Wednesday, June 30, 2010

Bathroom Monologue: In a Few Short Months

One legal clause you have to be wary of is "in a few short months." This sounds like it takes very little time, or at least, a reasonable amount of time. It does not. Months come in three varieties: 31-day months, 30-day months, and the once-yearly 28-day month of February. 31-day months like July and December are clearly the long months, leaving 30-day ones like June and September as shorter, but not shortest. 30-day months are not short in comparison to February. Thus when someone promises something in "a few short months," they are referring to multiple Februaries. Anything that takes that long is actually going to take years, and the speaker is disregarding all the long-ish and outright long months that will pass alongside the few short ones. And because "a few" is vague, the contracted party can take two, three, or even five Februaries to pay you back. You're left waiting through January after January just to see if this is the short month he had in mind, all because you didn't make him be more precise in his wording.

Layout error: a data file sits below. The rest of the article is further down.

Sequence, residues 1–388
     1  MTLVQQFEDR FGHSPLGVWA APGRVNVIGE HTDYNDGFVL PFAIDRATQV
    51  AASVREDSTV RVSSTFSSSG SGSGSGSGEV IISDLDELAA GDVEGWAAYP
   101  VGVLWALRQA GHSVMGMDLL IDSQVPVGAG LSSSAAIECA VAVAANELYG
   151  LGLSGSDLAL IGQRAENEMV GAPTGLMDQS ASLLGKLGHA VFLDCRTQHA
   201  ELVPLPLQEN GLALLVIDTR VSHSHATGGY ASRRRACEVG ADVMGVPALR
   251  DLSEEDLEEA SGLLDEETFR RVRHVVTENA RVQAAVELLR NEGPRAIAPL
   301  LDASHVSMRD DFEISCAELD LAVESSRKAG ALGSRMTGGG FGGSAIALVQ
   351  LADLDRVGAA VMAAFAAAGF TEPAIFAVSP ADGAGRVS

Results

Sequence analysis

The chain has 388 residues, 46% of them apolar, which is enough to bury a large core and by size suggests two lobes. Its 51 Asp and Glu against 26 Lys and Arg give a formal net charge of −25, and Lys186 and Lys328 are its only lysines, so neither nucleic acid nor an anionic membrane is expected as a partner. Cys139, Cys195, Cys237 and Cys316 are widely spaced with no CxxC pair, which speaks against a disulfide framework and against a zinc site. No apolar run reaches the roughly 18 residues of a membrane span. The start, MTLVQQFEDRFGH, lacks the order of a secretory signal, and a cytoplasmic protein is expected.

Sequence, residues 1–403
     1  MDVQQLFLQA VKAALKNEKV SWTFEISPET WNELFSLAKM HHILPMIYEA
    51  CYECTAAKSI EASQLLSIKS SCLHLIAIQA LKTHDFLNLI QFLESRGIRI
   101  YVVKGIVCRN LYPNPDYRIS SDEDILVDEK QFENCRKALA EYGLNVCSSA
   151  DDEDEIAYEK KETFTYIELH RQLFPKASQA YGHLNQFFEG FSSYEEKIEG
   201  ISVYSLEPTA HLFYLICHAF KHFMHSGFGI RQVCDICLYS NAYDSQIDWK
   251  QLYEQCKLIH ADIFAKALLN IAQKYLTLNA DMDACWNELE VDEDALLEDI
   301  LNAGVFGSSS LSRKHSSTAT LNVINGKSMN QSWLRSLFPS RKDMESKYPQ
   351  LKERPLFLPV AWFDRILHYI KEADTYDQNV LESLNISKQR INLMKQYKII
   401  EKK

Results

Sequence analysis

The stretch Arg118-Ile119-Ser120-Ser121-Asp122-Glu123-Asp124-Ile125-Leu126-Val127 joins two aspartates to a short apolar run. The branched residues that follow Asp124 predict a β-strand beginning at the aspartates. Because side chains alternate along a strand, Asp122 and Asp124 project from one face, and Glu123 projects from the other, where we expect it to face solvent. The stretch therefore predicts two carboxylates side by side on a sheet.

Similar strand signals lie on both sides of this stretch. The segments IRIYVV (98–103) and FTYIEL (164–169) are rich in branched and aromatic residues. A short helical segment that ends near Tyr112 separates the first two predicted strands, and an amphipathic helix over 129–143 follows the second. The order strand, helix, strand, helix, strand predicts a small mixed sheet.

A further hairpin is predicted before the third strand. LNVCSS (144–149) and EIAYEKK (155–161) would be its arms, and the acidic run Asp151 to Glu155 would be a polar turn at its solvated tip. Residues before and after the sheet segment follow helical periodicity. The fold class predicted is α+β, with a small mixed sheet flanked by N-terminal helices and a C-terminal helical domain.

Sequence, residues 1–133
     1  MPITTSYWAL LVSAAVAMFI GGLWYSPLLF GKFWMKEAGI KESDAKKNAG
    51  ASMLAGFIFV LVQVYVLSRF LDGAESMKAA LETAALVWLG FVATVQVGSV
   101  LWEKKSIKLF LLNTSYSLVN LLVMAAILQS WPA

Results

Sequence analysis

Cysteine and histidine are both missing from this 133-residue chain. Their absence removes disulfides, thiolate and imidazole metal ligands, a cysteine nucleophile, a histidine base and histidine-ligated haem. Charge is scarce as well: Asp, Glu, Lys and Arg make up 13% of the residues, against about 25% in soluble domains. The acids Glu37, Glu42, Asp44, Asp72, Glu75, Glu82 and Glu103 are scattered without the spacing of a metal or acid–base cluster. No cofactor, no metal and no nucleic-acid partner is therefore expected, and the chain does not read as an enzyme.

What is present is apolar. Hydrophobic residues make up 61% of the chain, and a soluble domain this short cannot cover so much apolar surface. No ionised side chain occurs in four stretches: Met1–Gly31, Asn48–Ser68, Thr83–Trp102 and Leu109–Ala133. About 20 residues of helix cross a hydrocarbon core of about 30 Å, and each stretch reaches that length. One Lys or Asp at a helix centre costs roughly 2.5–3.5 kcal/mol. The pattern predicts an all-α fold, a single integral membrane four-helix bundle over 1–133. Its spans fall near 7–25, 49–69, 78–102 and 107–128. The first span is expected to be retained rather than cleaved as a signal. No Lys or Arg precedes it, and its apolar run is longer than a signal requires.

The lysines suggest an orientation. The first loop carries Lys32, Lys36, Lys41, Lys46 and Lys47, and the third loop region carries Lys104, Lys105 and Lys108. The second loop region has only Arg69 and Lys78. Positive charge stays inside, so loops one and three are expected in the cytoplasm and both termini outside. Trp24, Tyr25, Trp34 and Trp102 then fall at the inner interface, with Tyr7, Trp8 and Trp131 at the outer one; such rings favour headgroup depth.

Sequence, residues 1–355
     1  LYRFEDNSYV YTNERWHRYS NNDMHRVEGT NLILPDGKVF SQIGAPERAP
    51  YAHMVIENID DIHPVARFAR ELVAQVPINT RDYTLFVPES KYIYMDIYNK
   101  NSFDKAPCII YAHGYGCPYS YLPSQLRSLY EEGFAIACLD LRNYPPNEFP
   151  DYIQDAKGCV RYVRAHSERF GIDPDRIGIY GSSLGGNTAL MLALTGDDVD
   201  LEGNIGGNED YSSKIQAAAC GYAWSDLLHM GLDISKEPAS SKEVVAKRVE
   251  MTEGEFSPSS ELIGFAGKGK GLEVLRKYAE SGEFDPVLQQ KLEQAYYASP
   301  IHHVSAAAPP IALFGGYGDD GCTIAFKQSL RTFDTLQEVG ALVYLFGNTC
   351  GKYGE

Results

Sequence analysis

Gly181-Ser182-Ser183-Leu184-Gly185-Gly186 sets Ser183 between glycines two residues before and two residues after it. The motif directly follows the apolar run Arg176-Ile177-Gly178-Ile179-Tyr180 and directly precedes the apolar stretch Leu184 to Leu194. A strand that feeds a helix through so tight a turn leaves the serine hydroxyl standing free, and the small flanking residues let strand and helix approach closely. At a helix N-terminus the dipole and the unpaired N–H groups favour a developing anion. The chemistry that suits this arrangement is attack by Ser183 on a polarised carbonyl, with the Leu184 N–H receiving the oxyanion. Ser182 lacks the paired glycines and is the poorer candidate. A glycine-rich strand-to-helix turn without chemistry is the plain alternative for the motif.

1. Ha, excellent. Now I understand... *nodding*

    Here's to precision in contractual wording of all kinds. :)

  2. Great advice! This is a lesson I wish I would not have learned the hard way... by never getting paid. :\

  3. They're all too short when the mortgage payment is due.

  4. That made sense to me.

    Damn lawyers...

  5. I work in government. This so made sense to me, and didn't piss me off at all. It's too normal.


  6. Wow ... I'm confused and enlightened all at the same time... But I think I get it, John...


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